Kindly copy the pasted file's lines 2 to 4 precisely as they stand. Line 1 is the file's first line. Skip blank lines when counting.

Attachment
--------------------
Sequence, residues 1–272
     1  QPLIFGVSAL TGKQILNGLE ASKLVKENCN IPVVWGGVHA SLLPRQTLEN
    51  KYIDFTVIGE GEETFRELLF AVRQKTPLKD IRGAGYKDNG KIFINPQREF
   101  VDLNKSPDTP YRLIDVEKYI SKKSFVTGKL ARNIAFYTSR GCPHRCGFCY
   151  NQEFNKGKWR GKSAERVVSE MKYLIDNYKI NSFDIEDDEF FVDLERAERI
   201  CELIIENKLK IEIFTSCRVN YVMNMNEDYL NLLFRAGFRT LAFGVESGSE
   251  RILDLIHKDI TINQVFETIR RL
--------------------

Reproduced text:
     1  QPLIFGVSAL TGKQILNGLE ASKLVKENCN IPVVWGGVHA SLLPRQTLEN
    51  KYIDFTVIGE GEETFRELLF AVRQKTPLKD IRGAGYKDNG KIFINPQREF
   101  VDLNKSPDTP YRLIDVEKYI SKKSFVTGKL ARNIAFYTSR GCPHRCGFCY